Yousuf Khan wrote:
Okay, so after fixing the problem with my News folder, I kept
researching what these millions of little files were, that were
clogging up my News folder. The files had an extension of WDSEML.
Later I found out that these same files are also there in Email
folders, hundreds of thousands of them too.
Initially, I thought that these must be the bodies of the messages
that Thunderbird uses to store emails and newsgroup messages. But
after a bit of research, I found out that Thunderbird itself has no
use for these files. Thunderbird does generate them, but it doesn't
use them itself. Instead it is generated only for the benefit of
Windows' Search and Indexing application. Windows Search uses it to
be able to let you search messages through the Windows Search box. So
once Thunderbird generates these files for Windows Search, it no
longer has any use for them anymore, as it stores its own internal
data in a different set of files. In fact, these WDSEML files are
saved copies of individual messages out of Thunderbird's own
database. So Thunderbird maintains it own database, but it never
cleans up these copies ever in its life. WDSEML means "Windows
Desktop Search Email", in fact. I also think this is only a specific
problem with Thunderbird under Windows, it probably isn't an issue in
Thunderbird under other OS'es like Linux.
You can easily delete all of these messages, but of course
Thunderbird will regenerate them again as they come in. So what you
have to do is tell Thunderbird not to generate these files for
Windows anymore. You go into Thunderbird's options menu and turn it
off (Tools → Options, then select Advanced → General → System
Integration → Allow Windows search to search messages).
You can also delete them more easily by searching for and deleting
just the folders in which they reside, rather than the individual
files. These folders have an extension called *.MOZMSGS.
Interesting find. I don't remember looking at this option when I
previously trialed Thunderbird. Is this option enabled by default? If
so, a very bad choice my Mozilla.
If I had not known about this option (and I was still using
Thunderbird), and after finding the superfluous and unwanted wdseml
files (since I do *not* want Windows search looking into my e-mails to
confuse those hits with those of files where I want to find by name or
content), I probably would've added them to the Include option in
CCleaner which I sometimes run manually but is also a daily scheduled
event in Task Scheduler to run before the daily backup. I have other
programs that leave **** behind that I want purged, so I go into
CCleaner's options, Include section, and define a template of what to
include in CCleaner's cleanup. Some programs, for example, will save
files for a 'resume' function, like a downloader, to continue the
operation when I next load the program. Nope, if I killed/exited the
program then I do not want it wasting time when I next load the program.
I don't even let my web browsers resume a prior session, and configure
them to purge all local data upon their exit.
Back when I used MS Outlook, it was configured by default to allow
Windows Search to look inside my e-mails. No thanks. I disabled that.
If I want to search my e-mails, I'll do that search from inside the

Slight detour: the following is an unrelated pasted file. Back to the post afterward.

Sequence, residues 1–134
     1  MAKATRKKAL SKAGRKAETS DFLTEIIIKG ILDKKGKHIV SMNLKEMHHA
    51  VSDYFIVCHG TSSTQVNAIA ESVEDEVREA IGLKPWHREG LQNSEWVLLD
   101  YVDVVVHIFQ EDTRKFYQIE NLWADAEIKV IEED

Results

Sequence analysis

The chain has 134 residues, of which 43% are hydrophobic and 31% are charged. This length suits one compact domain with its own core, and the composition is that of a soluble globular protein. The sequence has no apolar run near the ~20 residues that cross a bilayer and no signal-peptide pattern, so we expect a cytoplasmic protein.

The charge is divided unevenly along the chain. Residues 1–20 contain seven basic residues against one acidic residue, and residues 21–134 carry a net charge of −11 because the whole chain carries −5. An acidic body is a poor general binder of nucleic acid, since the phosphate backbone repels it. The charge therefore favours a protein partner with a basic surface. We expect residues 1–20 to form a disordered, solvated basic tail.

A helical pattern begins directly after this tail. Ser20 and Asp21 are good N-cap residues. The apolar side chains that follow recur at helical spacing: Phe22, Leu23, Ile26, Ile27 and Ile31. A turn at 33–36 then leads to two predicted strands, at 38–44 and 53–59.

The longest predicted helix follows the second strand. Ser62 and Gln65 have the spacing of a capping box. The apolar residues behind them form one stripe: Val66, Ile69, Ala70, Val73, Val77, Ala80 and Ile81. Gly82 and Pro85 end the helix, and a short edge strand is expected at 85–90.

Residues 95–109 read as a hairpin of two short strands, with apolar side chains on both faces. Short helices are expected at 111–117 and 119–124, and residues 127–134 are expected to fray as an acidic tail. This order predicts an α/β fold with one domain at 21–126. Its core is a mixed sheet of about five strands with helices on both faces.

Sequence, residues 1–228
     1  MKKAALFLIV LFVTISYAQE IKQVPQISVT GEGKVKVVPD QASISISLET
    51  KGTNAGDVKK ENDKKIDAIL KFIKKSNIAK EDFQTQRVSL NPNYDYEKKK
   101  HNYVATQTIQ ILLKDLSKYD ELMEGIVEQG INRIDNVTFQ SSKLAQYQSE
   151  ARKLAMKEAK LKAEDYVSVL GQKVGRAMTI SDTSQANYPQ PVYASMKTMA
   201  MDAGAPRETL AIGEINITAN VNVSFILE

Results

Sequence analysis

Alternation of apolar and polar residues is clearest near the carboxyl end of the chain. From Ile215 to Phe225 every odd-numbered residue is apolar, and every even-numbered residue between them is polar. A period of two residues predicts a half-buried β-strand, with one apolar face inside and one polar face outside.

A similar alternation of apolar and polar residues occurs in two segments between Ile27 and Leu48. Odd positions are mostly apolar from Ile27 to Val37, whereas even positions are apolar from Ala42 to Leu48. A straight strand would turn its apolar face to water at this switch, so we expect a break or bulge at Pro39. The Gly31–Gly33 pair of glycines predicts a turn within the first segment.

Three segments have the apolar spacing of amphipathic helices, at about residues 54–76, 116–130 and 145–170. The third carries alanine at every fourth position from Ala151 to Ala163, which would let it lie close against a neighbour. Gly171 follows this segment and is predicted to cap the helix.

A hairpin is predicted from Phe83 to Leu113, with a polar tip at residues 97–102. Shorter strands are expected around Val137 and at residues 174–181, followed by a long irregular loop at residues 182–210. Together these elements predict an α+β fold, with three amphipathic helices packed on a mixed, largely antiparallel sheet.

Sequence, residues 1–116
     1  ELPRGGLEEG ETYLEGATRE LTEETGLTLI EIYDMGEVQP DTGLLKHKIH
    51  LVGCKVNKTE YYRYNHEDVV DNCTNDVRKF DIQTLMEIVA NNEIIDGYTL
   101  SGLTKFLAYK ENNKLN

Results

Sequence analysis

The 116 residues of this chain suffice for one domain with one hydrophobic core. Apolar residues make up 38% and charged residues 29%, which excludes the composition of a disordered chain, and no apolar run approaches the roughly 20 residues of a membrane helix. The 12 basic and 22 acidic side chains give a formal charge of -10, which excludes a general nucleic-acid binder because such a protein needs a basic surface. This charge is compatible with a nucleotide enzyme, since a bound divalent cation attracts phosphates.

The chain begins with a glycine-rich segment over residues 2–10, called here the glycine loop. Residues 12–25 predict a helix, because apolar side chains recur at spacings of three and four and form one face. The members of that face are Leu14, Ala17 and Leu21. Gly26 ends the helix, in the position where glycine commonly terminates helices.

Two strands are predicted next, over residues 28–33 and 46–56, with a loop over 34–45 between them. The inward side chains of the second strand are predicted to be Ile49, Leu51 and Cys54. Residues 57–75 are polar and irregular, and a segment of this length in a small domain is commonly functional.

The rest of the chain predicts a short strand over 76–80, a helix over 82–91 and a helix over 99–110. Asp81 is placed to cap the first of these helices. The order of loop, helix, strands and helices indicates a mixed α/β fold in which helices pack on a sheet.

e-mail program. I don't want e-mails mixed in with other file results
in a global search. As I recall, Outlook's search would bitch with an
info insert at the top of the search results that I had Windows Search
disabled for Outlook, but that's exactly how I wanted it to work.
In addition, I used auto-archiving in Outlook not only to move old
e-mails into an archive store, but also to expire and delete very old
e-mails. When they get over 5 years old, I don't need them anymore. I
had auto-archive move messages older than 1 year into the archive, and
had auto-archive delete messages older than 5 years in the archive.
Actually I chained archives together for different expirations: archive
messages older than 1 year into archive1year, archive messages older
than 2 years from archive1year into archive2year, and so on. Eventually
I decided I didn't need that level of granularity for storing old
messages, and just went with a single archive for anything older than a
year but purged anything older than 5 years from the archive. I
certainly would not want those old and deleted e-mails still lingering
in a search database or, in your case with Thunderbird, lingering around
in wdseml files.
To me, having Windows Search dig around inside everything is for those
boobs that are slobs. They haven't a clue how to organize their data,
or are too lazy to do it. They pile thousands of e-mails into the Inbox
folder instead of organize the old e-mails into separate pending or
archive folders, and God forbid they delete old e-mails. They'll pile
thousands of image files into a single folder instead of use folders to
organize them. Foldering is an organizational feature that some users
just seem incapable or unwilling to use. As disorganized is their data
is probably the same for how disorderly is their home.
I'm a bit surprized Mozilla, in developing a cross-platform product,
whould give a gnat's fart about kowtowing to Microsoft's search feature
in Windows. Hell, Mozilla doesn't even use the global certificate store
in Windows (use certmgr.msc to see) within Firefox, and instead uses a
private cert store inside of Firefox (and why some programs have to do a
double cert install: once into the Windows global cert store and again
into Firefox's private cert store). If users are going to search their
old e-mails, why would they not do that from inside of Thunderbird?
They're searching on e-mails, not on some pic they stored from their
camera or a copy of their tax form. Overreaching got even worse in
Windows 10 with Cortana (which I disabled). All this forensic-like
searching to cater to data slobs.